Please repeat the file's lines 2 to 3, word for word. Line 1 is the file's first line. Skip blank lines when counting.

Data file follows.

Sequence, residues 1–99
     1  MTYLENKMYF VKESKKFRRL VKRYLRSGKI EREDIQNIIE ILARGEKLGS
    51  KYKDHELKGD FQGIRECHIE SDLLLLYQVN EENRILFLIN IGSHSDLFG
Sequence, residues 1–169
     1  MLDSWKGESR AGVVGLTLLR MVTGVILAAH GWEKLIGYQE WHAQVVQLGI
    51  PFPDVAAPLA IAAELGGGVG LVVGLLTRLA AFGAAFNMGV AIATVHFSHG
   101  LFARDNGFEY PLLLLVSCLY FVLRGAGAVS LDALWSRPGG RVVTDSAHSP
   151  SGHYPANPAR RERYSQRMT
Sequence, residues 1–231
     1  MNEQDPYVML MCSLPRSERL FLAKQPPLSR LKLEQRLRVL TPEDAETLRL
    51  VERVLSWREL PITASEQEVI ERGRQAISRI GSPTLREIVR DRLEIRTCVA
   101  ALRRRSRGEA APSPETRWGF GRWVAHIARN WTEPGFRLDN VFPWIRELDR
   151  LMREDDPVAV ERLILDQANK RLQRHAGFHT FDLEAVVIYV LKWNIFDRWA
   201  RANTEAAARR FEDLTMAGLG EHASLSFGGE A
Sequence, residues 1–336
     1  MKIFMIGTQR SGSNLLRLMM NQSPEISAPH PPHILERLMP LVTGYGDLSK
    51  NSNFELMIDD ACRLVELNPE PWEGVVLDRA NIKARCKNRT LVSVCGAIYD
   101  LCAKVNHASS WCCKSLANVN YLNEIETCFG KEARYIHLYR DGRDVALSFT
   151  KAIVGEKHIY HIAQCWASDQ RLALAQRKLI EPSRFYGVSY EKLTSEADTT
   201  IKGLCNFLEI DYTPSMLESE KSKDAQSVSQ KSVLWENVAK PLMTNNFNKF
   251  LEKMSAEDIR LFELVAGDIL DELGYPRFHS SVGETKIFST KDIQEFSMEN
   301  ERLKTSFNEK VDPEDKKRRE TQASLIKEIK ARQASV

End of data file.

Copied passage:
     1  MTYLENKMYF VKESKKFRRL VKRYLRSGKI EREDIQNIIE ILARGEKLGS
    51  KYKDHELKGD FQGIRECHIE SDLLLLYQVN EENRILFLIN IGSHSDLFG